Financial District: Slow motion meltdown
Infrastructure is an investment – treat it that way, says new report.
By John Latta
Another new report argues the only way to create and carry out long-term infrastructure policies and practices is to address America’s infrastructure as an investment, something that we do not do now.
The report, Infrastructure 2010: Investment Imperative, from the Urban land Institute and Ernst & Young, offers a simple thesis: “We must start treating infrastructure like investment.
“Too often we treat it as anything but, funneling spending through siloed formulas and sidestepping critical questions about the country’s longer-term infrastructure strategy and vision,” says the report, the fourth in an annual series. “The nation’s vast infrastructure needs offer opportunity to create much-needed jobs while making the lasting, integrated infrastructure investments that will lay the foundation for future prosperity.”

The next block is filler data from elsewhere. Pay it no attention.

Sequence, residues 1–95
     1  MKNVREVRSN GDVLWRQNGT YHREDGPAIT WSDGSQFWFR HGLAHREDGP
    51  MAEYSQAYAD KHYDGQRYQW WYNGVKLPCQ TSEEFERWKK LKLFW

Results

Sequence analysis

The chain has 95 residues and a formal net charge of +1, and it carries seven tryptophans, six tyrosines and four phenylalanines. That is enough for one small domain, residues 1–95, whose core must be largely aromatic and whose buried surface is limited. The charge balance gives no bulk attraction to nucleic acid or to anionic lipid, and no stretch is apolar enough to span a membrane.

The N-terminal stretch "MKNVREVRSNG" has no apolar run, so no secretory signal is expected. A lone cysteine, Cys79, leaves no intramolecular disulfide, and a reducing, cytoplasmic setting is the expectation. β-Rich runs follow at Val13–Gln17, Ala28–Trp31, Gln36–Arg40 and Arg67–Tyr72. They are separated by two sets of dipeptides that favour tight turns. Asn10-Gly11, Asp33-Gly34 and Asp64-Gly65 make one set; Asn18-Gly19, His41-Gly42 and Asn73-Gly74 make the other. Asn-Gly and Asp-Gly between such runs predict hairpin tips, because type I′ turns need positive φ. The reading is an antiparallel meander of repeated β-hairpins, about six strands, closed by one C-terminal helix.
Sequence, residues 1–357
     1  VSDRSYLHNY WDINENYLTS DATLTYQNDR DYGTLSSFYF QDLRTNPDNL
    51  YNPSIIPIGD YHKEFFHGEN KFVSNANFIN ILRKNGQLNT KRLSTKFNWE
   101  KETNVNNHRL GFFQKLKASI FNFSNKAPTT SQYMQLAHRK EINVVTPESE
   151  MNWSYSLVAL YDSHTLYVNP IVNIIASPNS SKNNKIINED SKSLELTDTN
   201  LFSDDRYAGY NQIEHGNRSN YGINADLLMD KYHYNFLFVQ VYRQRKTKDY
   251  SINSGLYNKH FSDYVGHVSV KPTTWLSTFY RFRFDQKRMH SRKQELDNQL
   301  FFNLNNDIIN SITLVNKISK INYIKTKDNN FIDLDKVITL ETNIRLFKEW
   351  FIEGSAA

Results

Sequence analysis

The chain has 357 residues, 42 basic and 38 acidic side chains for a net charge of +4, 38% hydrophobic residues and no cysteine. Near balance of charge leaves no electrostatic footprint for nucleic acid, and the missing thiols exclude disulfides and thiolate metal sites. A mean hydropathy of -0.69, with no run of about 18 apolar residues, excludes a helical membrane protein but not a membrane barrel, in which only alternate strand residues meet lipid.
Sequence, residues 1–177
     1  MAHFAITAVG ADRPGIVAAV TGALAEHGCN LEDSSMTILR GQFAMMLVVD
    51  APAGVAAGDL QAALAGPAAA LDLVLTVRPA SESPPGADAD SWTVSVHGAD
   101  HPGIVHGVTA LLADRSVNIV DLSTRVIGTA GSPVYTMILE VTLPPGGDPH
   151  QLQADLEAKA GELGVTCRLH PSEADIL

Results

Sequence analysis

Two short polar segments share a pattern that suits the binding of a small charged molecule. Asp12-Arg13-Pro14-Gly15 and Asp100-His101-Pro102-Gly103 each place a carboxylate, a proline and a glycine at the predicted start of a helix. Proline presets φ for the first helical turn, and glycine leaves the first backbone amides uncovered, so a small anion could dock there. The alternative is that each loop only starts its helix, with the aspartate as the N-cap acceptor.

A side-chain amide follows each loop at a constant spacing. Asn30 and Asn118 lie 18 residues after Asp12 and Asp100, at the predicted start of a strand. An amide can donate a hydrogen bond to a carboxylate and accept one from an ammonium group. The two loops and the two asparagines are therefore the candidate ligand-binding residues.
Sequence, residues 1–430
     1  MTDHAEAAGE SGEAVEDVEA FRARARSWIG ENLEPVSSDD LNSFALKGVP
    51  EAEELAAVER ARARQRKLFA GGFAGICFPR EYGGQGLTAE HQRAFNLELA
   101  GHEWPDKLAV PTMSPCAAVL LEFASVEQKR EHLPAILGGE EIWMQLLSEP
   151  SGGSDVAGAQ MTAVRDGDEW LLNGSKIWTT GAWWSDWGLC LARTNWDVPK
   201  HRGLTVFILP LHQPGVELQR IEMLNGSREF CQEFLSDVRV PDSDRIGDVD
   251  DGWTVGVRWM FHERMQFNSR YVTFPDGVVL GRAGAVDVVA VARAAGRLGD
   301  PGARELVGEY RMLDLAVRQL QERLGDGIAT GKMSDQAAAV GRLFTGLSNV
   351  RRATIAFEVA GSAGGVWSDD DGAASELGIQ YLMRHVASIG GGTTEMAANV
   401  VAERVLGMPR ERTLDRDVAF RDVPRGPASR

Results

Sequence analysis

When it comes to roads, the report says: “Either local, state, or federal taxes must increase to meet the burden or older streets will fill with potholes, raising safety concerns and threatening property values.”
The report recognizes “signs of renewed commitment to infrastructure” at state and local government levels with initiatives to build and fund new projects and in creative partnerships between agencies at a federal level. “These are promising moves, but more needs to be done.”
When it comes to infrastructure, the United States finds itself between a rock and a hard place, says the report.
“Economic fallout, competing priorities and sticker shock prevent the country from aggressively addressing a slow-motion meltdown – the consequence of underinvesting in transport, water, and other networks for the past 30 years.”